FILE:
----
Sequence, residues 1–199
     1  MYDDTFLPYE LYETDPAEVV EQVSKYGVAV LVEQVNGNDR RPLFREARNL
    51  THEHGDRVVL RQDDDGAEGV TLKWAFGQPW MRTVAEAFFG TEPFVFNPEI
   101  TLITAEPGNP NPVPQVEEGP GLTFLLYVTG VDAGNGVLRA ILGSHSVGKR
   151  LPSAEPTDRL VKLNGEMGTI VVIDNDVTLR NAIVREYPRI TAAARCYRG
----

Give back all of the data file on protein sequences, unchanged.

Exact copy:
Sequence, residues 1–199
     1  MYDDTFLPYE LYETDPAEVV EQVSKYGVAV LVEQVNGNDR RPLFREARNL
    51  THEHGDRVVL RQDDDGAEGV TLKWAFGQPW MRTVAEAFFG TEPFVFNPEI
   101  TLITAEPGNP NPVPQVEEGP GLTFLLYVTG VDAGNGVLRA ILGSHSVGKR
   151  LPSAEPTDRL VKLNGEMGTI VVIDNDVTLR NAIVREYPRI TAAARCYRG